‘Butchers’ by Todd Sullivan – Review

*Trigger Warning (the book, not this review): vivid descriptions of violence, torture, and sexual violence*


Tonight, Min Gun brought his butchering tools.

He clung to the surface of a rough brick wall five stories up. A bone saw attached to his belt by a thin chain swayed gently in the autumn breeze. He had sheathed his machete on his back beneath a rolled rubber body bag. He gazed into the dark room across from him. Cheol Yu, the target, hadn’t left the building since he’d met Sey-Mi, a high school student wearing a plaid skirt and short sleeved white shirt. Somewhere, behind the opaque windows of the apartment, Cheol Yu was with her, alone. 

Min Gun’s superior, Jun Young, clung to the wall beside him. A wood-handled axe dangled in a leather sling at his side, his machete strapped to his waist. Where Min Gun carried a body bag, Jun Young had a leather weapon case strapped to his back. The company had tasked the two with arresting the suspect. Min Gun hoped Cheol Yu resisted enough so that he would be forced to kill him, saving him from months of torture.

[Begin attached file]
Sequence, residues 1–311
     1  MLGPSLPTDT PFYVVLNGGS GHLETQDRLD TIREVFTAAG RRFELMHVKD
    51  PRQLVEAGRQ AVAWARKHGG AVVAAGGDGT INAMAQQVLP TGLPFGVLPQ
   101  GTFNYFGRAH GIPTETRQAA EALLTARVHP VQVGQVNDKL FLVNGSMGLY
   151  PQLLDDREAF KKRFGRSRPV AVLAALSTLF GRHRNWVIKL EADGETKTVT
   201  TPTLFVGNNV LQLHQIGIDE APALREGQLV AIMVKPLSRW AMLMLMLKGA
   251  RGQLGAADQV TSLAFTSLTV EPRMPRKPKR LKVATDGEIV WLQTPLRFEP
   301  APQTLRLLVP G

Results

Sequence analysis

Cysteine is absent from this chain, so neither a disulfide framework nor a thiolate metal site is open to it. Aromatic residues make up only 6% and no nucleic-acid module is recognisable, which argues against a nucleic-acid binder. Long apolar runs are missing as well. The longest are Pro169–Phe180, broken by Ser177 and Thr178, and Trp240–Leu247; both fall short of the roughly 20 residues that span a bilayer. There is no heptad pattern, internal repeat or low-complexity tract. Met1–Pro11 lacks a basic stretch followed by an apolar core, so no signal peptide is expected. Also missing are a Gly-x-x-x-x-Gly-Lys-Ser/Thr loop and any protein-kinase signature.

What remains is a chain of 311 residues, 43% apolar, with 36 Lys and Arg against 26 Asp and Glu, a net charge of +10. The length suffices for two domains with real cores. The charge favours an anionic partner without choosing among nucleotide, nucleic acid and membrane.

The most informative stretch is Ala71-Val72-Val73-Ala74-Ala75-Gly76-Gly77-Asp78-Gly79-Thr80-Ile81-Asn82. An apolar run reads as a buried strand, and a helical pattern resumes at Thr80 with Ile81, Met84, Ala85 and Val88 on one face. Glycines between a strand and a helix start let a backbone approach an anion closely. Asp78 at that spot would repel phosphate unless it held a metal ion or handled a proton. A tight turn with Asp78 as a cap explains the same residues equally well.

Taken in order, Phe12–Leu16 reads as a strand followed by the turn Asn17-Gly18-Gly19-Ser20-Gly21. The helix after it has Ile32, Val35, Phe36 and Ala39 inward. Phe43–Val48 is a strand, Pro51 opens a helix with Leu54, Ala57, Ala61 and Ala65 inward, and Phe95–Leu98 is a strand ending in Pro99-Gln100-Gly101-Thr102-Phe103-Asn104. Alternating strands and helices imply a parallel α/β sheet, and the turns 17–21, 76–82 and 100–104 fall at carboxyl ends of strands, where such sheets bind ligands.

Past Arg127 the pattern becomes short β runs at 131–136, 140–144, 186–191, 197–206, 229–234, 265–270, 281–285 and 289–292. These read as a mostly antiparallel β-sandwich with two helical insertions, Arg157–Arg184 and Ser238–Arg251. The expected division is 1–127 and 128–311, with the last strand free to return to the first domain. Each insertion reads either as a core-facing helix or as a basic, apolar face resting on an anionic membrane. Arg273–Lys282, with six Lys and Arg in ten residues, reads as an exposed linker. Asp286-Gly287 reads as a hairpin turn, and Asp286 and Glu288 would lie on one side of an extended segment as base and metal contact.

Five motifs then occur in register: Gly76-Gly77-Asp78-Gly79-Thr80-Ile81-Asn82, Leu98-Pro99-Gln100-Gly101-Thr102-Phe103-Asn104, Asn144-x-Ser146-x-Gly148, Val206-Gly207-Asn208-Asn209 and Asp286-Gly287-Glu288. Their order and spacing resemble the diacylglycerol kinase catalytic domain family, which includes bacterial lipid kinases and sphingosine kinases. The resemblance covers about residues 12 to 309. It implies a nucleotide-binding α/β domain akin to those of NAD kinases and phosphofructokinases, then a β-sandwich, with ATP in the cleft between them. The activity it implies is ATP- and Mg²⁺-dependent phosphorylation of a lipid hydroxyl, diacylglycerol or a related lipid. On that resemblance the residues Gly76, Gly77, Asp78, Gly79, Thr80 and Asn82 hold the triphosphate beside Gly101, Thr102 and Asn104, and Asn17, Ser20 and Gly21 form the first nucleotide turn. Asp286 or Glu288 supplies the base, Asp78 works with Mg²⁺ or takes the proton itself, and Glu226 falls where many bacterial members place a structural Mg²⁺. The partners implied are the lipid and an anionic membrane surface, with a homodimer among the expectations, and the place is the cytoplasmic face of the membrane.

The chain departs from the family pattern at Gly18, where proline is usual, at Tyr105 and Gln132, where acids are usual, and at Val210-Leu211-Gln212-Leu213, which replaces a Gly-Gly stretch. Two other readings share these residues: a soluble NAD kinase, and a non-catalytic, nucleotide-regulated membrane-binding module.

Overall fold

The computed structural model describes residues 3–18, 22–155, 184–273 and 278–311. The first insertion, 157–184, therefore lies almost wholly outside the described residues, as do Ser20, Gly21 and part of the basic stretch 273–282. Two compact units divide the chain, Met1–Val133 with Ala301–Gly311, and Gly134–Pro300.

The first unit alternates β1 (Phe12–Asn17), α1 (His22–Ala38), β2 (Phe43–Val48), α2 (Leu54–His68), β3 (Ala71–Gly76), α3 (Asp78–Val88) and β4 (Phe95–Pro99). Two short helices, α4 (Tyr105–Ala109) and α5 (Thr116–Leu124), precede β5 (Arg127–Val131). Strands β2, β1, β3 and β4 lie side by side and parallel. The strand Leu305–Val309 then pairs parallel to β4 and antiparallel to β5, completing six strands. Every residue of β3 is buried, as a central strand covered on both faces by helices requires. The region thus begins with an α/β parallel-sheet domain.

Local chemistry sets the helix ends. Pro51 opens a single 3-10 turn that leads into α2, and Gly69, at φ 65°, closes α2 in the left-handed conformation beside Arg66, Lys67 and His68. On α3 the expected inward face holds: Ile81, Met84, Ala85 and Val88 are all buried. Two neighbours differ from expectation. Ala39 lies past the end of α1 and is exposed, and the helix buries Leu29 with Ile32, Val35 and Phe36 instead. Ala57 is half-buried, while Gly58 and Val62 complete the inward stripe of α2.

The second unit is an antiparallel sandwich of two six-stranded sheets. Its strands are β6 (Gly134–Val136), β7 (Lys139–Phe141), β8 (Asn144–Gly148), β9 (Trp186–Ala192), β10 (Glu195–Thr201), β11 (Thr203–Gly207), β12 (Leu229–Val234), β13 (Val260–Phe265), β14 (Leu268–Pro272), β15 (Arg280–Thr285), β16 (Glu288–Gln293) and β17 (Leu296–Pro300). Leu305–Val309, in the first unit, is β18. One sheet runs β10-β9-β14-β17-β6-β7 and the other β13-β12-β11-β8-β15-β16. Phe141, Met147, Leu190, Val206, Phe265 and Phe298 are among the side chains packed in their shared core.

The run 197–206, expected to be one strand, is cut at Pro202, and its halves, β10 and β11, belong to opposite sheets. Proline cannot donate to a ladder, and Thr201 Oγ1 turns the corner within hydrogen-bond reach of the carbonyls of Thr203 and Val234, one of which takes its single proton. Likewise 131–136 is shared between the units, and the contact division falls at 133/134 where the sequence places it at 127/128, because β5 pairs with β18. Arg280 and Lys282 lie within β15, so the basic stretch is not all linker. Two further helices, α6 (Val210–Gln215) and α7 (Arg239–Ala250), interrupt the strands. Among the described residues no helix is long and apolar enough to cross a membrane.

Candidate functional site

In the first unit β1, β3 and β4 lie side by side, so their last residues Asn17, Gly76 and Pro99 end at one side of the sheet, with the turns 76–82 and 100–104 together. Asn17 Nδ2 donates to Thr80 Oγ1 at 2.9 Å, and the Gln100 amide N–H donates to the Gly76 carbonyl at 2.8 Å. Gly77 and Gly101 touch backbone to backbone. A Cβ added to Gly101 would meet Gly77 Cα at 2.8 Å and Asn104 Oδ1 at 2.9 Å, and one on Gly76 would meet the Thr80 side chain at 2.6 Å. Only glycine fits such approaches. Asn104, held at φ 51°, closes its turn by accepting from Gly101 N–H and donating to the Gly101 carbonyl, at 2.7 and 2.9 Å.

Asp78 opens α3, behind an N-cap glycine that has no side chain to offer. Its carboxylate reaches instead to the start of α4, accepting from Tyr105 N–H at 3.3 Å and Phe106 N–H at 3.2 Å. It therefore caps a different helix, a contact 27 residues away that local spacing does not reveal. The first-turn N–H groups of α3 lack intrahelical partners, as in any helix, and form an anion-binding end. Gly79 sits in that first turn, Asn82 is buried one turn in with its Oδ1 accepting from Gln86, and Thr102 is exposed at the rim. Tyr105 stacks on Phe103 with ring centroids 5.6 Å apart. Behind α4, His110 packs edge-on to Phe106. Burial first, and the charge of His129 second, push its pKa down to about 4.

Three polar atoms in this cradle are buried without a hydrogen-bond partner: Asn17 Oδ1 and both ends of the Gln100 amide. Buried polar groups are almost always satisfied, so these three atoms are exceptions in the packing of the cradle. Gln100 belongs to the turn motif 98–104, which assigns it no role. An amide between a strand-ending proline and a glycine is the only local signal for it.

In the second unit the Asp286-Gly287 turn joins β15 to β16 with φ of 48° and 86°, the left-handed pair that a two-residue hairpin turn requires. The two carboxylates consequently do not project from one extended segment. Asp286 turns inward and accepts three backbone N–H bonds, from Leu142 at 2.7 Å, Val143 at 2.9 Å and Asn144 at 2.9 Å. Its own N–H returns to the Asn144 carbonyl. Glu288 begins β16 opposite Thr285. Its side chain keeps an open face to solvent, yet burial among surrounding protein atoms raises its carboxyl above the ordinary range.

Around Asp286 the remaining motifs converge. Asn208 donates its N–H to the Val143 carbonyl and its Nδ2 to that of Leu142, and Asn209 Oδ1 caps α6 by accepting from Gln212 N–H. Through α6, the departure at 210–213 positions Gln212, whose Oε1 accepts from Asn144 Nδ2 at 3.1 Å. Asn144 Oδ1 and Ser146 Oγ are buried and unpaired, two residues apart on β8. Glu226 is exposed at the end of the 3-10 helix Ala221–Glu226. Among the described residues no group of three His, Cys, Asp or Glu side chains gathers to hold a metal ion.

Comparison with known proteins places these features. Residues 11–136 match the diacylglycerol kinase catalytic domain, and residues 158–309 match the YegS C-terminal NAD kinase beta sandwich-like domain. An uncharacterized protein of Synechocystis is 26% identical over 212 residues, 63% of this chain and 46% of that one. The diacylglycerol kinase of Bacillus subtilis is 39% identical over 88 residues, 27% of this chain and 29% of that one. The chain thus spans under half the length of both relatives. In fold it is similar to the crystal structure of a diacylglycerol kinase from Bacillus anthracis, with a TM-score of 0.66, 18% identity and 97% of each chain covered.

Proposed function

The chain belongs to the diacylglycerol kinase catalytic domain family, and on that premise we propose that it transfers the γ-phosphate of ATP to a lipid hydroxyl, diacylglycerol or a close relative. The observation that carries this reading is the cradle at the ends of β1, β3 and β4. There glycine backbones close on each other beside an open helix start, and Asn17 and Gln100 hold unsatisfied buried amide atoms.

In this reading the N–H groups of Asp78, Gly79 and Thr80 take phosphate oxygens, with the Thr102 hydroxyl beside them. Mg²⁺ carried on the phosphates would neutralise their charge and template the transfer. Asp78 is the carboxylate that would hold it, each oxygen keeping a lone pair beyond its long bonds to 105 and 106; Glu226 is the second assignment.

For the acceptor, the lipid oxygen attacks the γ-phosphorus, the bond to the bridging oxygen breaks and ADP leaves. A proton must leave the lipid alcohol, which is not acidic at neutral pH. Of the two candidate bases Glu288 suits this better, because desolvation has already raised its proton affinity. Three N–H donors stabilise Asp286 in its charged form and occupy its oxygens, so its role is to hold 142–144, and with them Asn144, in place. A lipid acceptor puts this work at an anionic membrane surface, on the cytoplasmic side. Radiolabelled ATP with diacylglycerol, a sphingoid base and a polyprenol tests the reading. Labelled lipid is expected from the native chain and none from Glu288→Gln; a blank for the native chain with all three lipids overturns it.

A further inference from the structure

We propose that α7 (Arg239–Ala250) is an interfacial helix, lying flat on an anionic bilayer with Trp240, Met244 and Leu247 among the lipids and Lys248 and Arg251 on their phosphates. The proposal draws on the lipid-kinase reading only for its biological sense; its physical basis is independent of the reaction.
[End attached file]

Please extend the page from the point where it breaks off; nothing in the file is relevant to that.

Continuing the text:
That would be his noble deed of the day. 


Synopsis –

Kidnapped, turned, and locked away in a concrete basement, high school student Sey-Mi is taught the ways of the damned. Her captors, beautiful and malignant, cruel and insane, torture her until she pledges allegiance to the Gwanlyo, a secret organization of vampires now obsessed with bringing her into their ranks. But has Sey-Mi really sworn loyalty to such an obscenely cruel organisation? Or will she side with the rogue agents hell-bent on bringing the Gwanlyo to their knees?




Thoughts –

Set in the urban city of Seoul, South Korea, Butchers lives up to it’s harsh and violent name. Following Sey-Mi as her life is thrown into disarray Sullivan weaves a tale of brutality, power, and control. A seventeen year old girl chosen to join the ranks of the Gwanlyo, an ancient vampiric organisation that expects compliance to their rules and will employ the harshest of punishments for anyone foolish enough to cross them, fights to see her family again.